The money will go towards funding community initiatives on the Heron Wood and Tices Meadow estates, which are registered as areas of disadvantage in Hampshire.

"This is an astonishing level of support," said Cllr Mike Roberts, ward councillor for Heron Wood.

"It is no more than the area requires, but the process of obtaining the appropriate responses has been a long one."

More than £4m will be ploughed into a multi-agency community centre for residents, giving them access to healthcare facilities onsite.

In a joint effort between Pavilion Housing Association, Rushmoor Council, NHS Primary Care Trust and Social Services, the development will provide vital assistance to the community, especially the elderly.

"This will be a major facility," said Cllr Roberts. "A lot of local people will benefit from all the facilities onsite.

"Much hard work has gone into reaching these goals — it has always been part of my game plan to improve the facilities on my ward."

A second initiative includes the appointment of a community warden, which will be welcomed by many residents who have suffered bouts of anti-social behaviour on the two estates.

Wardens have already been appointed, with relative success, in Aldershot's North Town and Farnborough's Pinehurst estates, to help resolve community issues.

"This will be of special benefit to the youth in the area," said Cllr Don Cappleman. "We've been asking for a warden since we saw it in use on the other estates.

"We are looking at sorting out a base for the officer, with the help of Pavilion, so that people will know where to find them."

Yet he said that residents on the estate would have to be realistic about how much they could expect the officer to do.

"This won't completely solve the problems of anti-social behaviour because to some extent parents must take responsibility for their own children," he explained.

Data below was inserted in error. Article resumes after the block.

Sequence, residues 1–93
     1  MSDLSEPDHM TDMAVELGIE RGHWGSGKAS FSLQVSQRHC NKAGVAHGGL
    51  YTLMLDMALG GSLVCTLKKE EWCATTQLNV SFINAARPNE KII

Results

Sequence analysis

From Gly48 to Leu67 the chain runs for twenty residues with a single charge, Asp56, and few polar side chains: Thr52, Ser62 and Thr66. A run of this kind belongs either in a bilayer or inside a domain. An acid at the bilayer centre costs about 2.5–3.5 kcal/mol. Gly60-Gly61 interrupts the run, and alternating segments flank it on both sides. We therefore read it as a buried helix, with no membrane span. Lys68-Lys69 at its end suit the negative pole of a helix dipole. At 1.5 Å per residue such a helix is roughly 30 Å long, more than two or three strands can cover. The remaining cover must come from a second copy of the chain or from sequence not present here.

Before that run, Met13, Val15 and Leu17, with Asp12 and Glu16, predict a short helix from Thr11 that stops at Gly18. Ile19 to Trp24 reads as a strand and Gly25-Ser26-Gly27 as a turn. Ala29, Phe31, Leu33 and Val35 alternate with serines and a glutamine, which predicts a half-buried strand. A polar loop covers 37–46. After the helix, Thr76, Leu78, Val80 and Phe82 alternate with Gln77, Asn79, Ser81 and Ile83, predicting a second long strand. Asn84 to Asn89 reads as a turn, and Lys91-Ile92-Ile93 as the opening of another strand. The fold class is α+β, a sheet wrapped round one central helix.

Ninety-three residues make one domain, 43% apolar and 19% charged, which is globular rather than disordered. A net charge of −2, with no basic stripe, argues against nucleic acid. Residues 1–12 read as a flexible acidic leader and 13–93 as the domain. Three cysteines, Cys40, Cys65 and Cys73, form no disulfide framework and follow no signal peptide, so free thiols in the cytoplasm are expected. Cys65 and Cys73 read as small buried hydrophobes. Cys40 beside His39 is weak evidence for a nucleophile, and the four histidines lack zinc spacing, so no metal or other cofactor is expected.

"It is totally unacceptable for them to allow their children to behave badly to other residents and to allow extremely young children out late at night."

Residents on the Tices Meadow estate suffer regularly from antisocial behaviour from groups of youths that hang around during the evenings.

Problems on the estate reached boiling point in January.

Resident Peter Sandy collected more than 1,000 signatures on a petition, demanding that action should be taken to deter the youngsters.

Additional investment will also be welcomed by Aldershot Cricket Club, who received a £360,000 grant for a new red brick building for its ground in Aldershot Park.

The Early Years Centre at Park Primary School will receive £500,000 to help improve facilities for the pre-school club.

"These are community projects for the whole of Aldershot," said Cllr Roberts.

"Although they will benefit the people on my ward, everyone will be able to take advantage of these facilities.

"We have been working hard for a long time to get all of this and there is even more to come."

Support from Pavilion Housing Association has also been essential to the area, with a 48-block of residential flats for the elderly being built at Place Court.

Due to be completed at the end of June, the flats have been purpose built for frail residents who need short-term respite care to avoid admission to hospital.

New manager Erica Grimes is excited about the facility, one of the first of its kind in the Rushmoor area.

She said: "The post is exciting because of the independence we will be able to give our residents. Active independence is the key to long life and this is the chance to put it into practice."

The flats will also have an onsite computer room, library and hairdressers, as well as a 24-hour care team.

"I am extremely pleased at the amount of money that is going into my ward," said Cllr Cappleman.

"It is a substantial sum, but is only the tip of the iceberg. People must also start to take pride in their neighbourhood so that attitudes change, too."